With the recent passing of Dave Smith, the Walt Disney Company’s longtime archivist—a position he created for himself back in 1970—a flood of memories came to mind. Dave was unfailingly kind and generous to me and hundreds of other writers and researchers over the years. His book Disney A to Z: The Official Encyclopedia is one of my most-consulted reference volumes. But the first thing I thought about was an unforgettable article he wrote in 1981 for The Manuscript Society about Walt’s famous signature. I’m grateful to The Society ( for permission to reprint it here, and to Dave’s successor, Rebecca Cline, for making it possible to do so. All illustrations appear courtesy of the Walt Disney Archives. I have excised Dave’s introductory recap of Walt Disney’s career, which our readers already know.

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The Most Recognizable Signature in the World


By David R. Smith

There are probably many Americans who are familiar with John Hancock’s elaborate signature and paraph which he affixed to the Declaration of Independence. And the signatures of George Washington, Abraham Lincoln, and Thomas A. Edison are familiar to some people. But it is neither a statesman nor an inventor whose signature is the most recognizable of all. It is Walter Elias Disney…

It did not take long after the introduction of Mickey Mouse in 1928 for Walt Disney to rise to fame. The Mickey Mouse cartoons were extremely popular, and soon Mickey Mouse was known in the four comers of the world. To help promote the cartoon character, and to maintain a public awareness of him, story books, comic books, comic strips, and magazines were published. The first Mickey Mouse book and comic strip appeared in the United States in 1930; the first comic magazine in Italy in 1932. While Walt Disney did not actually draw Mickey himself, King Features Syndicate, which distributed the comic strip, and the book publishers felt that one name should be promoted in conjunction with the character, and that name was Walt Disney. Soon, a Walt Disney signature logo, based by artists on Walt Disney’s actual signature, was being widely used. Comic buyers not only in the U.S., but in Europe, South America, Australia, Africa, and Asia were able to recognize the Disney publications by the distinctive signature logo.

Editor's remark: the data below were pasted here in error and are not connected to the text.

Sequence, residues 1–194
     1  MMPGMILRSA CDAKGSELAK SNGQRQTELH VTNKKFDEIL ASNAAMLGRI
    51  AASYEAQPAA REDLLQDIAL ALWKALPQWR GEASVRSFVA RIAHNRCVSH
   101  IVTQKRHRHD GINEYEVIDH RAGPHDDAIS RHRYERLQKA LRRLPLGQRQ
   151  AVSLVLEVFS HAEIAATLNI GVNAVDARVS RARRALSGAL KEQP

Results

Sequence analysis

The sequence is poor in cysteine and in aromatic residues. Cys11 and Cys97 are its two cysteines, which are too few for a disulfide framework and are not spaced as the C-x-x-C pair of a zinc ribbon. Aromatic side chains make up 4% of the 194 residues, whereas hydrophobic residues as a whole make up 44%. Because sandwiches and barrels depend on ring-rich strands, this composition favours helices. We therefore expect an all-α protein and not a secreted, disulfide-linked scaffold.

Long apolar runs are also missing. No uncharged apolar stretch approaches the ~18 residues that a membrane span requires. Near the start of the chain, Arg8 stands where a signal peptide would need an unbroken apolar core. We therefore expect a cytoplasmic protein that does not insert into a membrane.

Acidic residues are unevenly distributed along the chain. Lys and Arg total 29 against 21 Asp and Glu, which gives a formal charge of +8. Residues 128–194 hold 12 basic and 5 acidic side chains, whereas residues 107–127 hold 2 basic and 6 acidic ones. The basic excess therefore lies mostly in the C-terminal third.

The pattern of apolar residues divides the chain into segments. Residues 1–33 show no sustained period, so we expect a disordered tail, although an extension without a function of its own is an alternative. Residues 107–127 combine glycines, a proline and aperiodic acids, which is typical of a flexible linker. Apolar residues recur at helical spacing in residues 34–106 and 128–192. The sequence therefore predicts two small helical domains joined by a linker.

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As Walt Disney became prominent, he naturally became the target of autograph seekers. The Disney signature usually turns up today on three different types of material:

1.   On photographs—Walt Disney kept a stock of 8×10 black and white matte finish portraits in his office, and he would often sign one of these when requested by a visitor. He favored shots featuring him posing at his desk with dogs, cats, tigers, or other animals; these stills usually came from the lead-ins which Walt Disney regularly filmed for his television series. Most often, the photographs were inscribed to the requester.

2.  On books—Walt Disney was always willing to autograph one of the Disney books, and these turn up quite frequently. Probably the most popular books for this purpose were Robert Feild’s The Art of Walt Disney(1942) and Deems Taylor’s Fantasia (1940). In 1957, Disney’s daughter, Diane Disney Miller, wrote a biography of her father entitled The Story of Walt Disney. For a while after the opening of Disneyland, copies of this book, autographed by both Diane and her father, were offered for sale by mail order for $4.30. Bob Thomas’ The Art of Animation is also often found with Walt Disney’s signature.

3.  On artwork—Occasionally in response to requests Walt Disney would send a piece of original Disney artwork, which he would autograph on the mat. In early years (the 1930’s or 1940’s) this might consist of comic strip art or a painted celluloid (“cel”) actually used in one of the Disney films. In later years, a dye transfer print of a famous scene from one of the films would usually be substituted.


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Naturally, there are other forms in which Walt Disney’s signature appears on the market. These include letters (a few ALS’s have surfaced from the 1920’s and early 1930’s, but most are TLS’s), checks (after about 1935 his secretary signed most of Disney’s checks with her own name), stock certificates, and even napkins, envelopes, theater programs, menus, and scraps of paper handed to Disney by the lucky autograph seeker who might happen upon him in public.